Climate Service Talk: Transforming the Prodigal Civilisation

Campaigners after service with polar bears

Campaigners after service with polar bears

The following talk was given by Ellen Teague at the annual Climate Service in Central London on  Saturday, 1 December 2012. It was held in advance of a march from the US Embassy in Grosvenor Square to Westminster calling for tough climate action at climate talks being held at Doha. The talk was based around the reading 1 Peter 3 v12–16 and a reflection on ‘The Prodigal Civilisation’.

Put up your hands if you attended The Wave in December 2009. (80% of congregation)
Hands up if you’ve been to this annual service more than three times. (40%)
Keep them up if you’ve been to all the annual climate services. (Ellen Teague and Ruth Jarman)

I think that’s why I’m up here speaking to you. I just can’t keep away from events organised by Christian Ecology Link and Operation Noah! I believe their prophetic and wonderfully ecumenical work truly builds on God’s covenant with the whole of Creation.

Yet on the whole, for mainstream churches, Climate Change is just one of a number of pressing issues. It gets peaks of serious attention – such as The Wave – where church leaders across the denominations supported the service and march, their presence drawing in tens of thousands of Christians. But then it’s back burner again, and there is no sense that Climate Change – perhaps along with the huge extinction of species – is the most serious emergency the human race has ever faced. I was persuaded of this 30 years ago while working in Northern Nigeria and being told by an old man that over his lifetime he had seen a forested region where he plucked fruit from the trees daily and hunted plentiful wild animals turn into a treeless dusty plain with a diminishing rainy season; 27 years ago while working on CAFOD’s Development and Environment Education campaign which was rooted in the 1984 Ethiopia famine where poor communities struggled to survive amidst a degraded and waterless environment; and for the past 22 years working for the Columban Missionary Society which recognises Climate Change as a challenge to move into a new and prophetic way of being missionaries that includes protecting the endangered Earth. As my Columban colleague Sean McDonagh says, “we are Earthlings and this is our only home”.

Many in this congregation have made it their life’s work to nurture appreciation of the natural world, and to tackle fear and denial regarding Climate Change. Society has moved a long way over the last three decades. Just look at the stories on mainstream media this week - Welsh Secretary of State David Jones saying that people affected by floods at St Asaph could be the victims of Climate Change, scientists underlining that polar ice melt is raising sea levels, the World Bank saying that “cooperative, international actions are necessary to avert extreme weather and declining food stocks”. This last though is a bit rich coming from an institution that is providing billions for schemes that contribute to global warming, particularly the fossil fuel industries, and especially coal!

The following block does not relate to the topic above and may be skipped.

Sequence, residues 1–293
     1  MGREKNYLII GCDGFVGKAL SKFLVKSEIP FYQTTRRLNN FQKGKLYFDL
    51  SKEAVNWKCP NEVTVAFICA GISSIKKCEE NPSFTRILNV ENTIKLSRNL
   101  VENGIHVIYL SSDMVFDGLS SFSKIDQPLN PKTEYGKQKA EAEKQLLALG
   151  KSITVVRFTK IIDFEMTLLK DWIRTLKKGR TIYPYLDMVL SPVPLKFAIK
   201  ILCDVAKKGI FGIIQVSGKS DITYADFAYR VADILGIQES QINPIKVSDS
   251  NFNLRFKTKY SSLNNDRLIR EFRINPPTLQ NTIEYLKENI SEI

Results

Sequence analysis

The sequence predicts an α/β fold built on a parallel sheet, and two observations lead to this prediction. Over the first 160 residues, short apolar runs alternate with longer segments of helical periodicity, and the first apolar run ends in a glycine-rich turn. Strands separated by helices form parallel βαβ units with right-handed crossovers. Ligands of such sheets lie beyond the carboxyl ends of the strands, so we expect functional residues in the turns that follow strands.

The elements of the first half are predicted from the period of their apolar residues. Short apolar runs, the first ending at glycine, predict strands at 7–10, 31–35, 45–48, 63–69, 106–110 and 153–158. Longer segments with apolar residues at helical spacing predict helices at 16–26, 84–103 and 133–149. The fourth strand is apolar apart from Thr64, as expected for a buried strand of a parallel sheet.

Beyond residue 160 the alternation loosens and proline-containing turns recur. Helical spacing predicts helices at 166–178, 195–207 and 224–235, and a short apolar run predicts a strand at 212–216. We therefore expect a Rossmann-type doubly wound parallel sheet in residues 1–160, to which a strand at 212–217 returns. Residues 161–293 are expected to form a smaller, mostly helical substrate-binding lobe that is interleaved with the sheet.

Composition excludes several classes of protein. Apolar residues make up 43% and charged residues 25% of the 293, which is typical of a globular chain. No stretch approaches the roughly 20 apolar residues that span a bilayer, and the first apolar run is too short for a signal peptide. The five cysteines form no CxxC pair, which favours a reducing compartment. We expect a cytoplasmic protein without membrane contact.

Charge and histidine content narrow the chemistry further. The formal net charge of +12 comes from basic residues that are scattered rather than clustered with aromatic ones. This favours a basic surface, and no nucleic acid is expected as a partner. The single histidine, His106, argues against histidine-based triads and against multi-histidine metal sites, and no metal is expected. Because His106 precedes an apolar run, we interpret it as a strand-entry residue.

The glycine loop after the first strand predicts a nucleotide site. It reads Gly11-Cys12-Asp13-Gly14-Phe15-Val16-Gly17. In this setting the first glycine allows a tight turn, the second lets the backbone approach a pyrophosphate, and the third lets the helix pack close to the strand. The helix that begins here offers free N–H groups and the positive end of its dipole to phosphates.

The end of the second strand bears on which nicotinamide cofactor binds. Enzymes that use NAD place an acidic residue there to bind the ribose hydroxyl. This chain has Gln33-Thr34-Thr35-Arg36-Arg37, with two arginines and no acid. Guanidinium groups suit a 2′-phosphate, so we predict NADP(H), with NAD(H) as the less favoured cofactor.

But here is the crux of the problem. Living within the carbon budget that the scientific community has set is a difficult paradigm shift for economists and politicians working within the prevailing economic growth model. Or indeed for climate negotiators at the highest level who have strong links to the fossil fuel industries. UN climate talks are currently going on in Qatar. Are negotiators likely to agree that, for a 50-50 chance of staying below two degrees of warming, we have to leave 2/3 of the known reserves of coal and oil and gas underground – a figure incidentally produced last month by the International Energy Agency? Not really. Yet the clamour for climate action at a profound level is strengthening. I clicked on the latest series of Dallas on TV a few days ago and saw the next generation of Ewings sitting around a table at Southfork ranch discussing the future of the oil business in Texas. “You’d better realise it, the oil industry has had its day”, one of the young characters told JR’s son, who then stormed out, provoking the latest cliffhanger. Questions are now constantly raised about the prevailing model of development which is at the heart of the Climate Change problem, whatever you hear about it being an environmental problem.

The reading we have just heard from Peter challenges us to speak the truth to a prodigal civilisation, one that is wastefully extravagant and seemingly uncaring about the welfare of future generations. Creation theologian Thomas Berry talks about the supreme irony – that we are closing down life systems as the result of a commitment to progress. Yet even as we wake up to the risks we carry on. I am thinking here of the building of a nuclear military base on the biodiverse paradise that is Jeju island in Korea, or considering new nuclear power stations in Britain although we still have no secure procedure for dealing with wastes that are lethal for tens of thousands of years. My Columban colleagues and myself are involved in campaigns challenging both. Berry suggests that the religious communities have a role in drawing on redemptive energies to turn things around. Our task has developed into one of stimulating the transformation necessary for human society to opt for sustainable